“Tom the Model” – Beth Gibbons link no longer active
Funny how I had always assumed, with Portishead, that it was the background guy who was responsible for the eerie, kitschy sort of weirdness that permeated the band’s music–that, in other words, singer Beth Gibbons just sort floated her distinctive voice on top of the whole crazy, beautiful thing. I’m assuming differently now. Gibbons may be just plain weird herself. (Not that there’s anything wrong with that!) This song is from a CD called Out of Season that was released last year in the U.K. and is out now in the U.S.; it is credited both to Gibbons and “Rustin Man,” who is apparently a musician named Paul Webb (of the band Talk Talk). “Tom the Model” has in fact more Portishead-ish moments than most of the tunes on the CD, which by and large avoids that group’s intense retro-soundtrack-y ambiance in favor of a quavering, downbeat sort of intimacy. I’m not sure at this point that I even like this song all that much, but in listening to it a number of times, I find I’m compelled by it nonetheless. It’s a grey area that our “hot or not”-oriented culture overlooks, the idea that something may engage and reward you even if you wouldn’t say it was “great” or “hot” or give it five stars or whatever. This is definitely worth a few listens to experience and absorb.
“Get Down Moses” – Joe Strummer and the Mescaleros link no longer active
Dubby and energy-packed, this comes from the last, posthumous release from the late, lamented Clash co-founder. I’m always struck by how musical Strummer could be at his best. There’s something fetchingly insistent about this tune and it probably has a lot to do with his guileless, open-hearted voice. Even when he sung in apparent anger, Strummer could warm my spirit, somehow, just from the sound of his voice. Having this new thing come out now, when there can be no more, is rather too poignant for words.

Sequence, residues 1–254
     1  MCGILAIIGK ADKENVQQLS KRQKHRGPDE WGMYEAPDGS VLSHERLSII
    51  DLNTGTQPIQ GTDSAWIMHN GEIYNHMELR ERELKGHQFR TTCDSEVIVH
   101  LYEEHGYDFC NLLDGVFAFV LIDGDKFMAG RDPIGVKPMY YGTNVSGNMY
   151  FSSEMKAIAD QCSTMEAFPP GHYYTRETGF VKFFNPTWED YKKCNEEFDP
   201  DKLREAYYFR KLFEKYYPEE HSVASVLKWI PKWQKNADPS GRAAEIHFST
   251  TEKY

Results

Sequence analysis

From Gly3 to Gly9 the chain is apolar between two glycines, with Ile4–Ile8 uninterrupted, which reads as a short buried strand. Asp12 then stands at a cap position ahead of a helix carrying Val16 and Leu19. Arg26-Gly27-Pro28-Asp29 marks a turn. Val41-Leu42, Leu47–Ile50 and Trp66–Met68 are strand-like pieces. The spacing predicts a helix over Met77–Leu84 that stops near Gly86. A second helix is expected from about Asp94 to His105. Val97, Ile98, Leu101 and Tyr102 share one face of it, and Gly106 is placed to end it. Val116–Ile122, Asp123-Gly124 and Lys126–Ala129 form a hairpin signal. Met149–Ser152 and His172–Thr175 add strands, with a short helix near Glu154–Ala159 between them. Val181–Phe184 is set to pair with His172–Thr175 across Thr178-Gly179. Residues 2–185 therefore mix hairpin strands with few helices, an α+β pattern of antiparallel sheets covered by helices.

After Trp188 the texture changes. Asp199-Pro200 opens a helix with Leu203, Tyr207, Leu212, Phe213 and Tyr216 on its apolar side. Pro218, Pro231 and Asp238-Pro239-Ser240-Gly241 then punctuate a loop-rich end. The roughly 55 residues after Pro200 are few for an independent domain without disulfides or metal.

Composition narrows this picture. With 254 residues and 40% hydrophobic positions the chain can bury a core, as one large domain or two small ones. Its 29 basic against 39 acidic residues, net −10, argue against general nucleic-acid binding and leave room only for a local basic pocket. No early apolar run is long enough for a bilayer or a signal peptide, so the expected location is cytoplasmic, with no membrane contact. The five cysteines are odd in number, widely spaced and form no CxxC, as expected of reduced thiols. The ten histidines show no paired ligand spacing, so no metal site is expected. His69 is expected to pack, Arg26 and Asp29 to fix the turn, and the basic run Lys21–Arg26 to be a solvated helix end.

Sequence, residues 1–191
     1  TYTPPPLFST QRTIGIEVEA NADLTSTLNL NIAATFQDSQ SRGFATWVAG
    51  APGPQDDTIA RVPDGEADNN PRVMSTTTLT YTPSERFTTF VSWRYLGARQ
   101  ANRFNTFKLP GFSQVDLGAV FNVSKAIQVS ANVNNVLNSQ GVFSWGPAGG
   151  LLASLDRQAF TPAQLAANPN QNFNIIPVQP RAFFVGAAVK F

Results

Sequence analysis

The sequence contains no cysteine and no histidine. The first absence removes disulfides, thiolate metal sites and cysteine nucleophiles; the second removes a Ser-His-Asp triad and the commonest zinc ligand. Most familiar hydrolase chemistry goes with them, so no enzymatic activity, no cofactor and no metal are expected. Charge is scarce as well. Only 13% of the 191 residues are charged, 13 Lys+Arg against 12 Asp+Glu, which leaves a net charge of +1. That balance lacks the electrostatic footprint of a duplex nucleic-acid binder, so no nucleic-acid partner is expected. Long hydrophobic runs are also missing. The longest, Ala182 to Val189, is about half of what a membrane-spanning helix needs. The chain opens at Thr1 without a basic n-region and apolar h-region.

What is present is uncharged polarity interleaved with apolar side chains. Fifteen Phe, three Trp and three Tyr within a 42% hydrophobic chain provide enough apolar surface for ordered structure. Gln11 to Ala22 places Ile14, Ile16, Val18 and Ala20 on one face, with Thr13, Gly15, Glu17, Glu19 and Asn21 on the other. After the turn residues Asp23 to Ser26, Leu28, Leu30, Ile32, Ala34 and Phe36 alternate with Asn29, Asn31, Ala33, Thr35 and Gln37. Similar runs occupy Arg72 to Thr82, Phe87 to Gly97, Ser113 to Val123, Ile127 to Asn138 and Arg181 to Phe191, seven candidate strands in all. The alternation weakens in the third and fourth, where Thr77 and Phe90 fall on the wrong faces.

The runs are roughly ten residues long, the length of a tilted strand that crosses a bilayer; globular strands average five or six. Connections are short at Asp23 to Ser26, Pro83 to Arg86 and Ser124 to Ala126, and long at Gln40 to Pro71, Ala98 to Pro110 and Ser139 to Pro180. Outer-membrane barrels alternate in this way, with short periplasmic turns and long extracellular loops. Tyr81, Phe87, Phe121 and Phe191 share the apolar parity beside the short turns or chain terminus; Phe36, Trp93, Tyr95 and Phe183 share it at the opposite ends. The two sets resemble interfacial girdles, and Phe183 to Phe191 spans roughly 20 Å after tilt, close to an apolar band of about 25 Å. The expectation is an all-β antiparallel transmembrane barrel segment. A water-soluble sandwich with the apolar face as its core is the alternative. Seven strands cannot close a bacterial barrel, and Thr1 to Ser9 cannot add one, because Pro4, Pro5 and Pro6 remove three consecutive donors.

“Juanita” – Rachel Smith
So cross Sinead O’Connor with Jane Siberry and have the result emerge from a young Canadian musician currently pursuing a master’s degree at Harvard and voila!: here’s Rachel Smith. This playful, quirky song completely engages me, but I’ll readily admit I’m a sucker for a songwriter with an intuitive sense of how to insert odd and unexpected elements into songs. Like what’s with those “ah-ah”s in the verses? And okay, I’m also a sucker for songs with accordions in them, not to mention songs with memorable opening lines–in this case, “I’m not afraid of weakness/I’m afraid of power.” Any number of things here hook me in; I sense an intelligence at work here and I listen with eager ears. They sure do grow wonderful musicians up there in Canada. “Juanita” comes from Smith’s debut, The Clearing, which was released in 2001. Her next album, Famous Secrets, is apparently due out soon.
“Don’t Let Us Get Sick” – Jill Sobule link no longer active
An inspired cover by the sharp-witted Sobule, who carries a complex mix of irony and sincerity in her voice more effectively than almost anyone I can think of–save, perhaps, the recently departed Warren Zevon, who wrote this song. This can be found on Sobule’s recently released CD The Folk Years 2003-2003. (That’s not a typo.) The premise here seems to be relatively stripped-down production, but it’s not just all guitar and voice–check out, for instance, the cool Salvation Army-band sound towards the end of this one. This link takes you to a page with a few MP3s on it; click on the song title to download this song.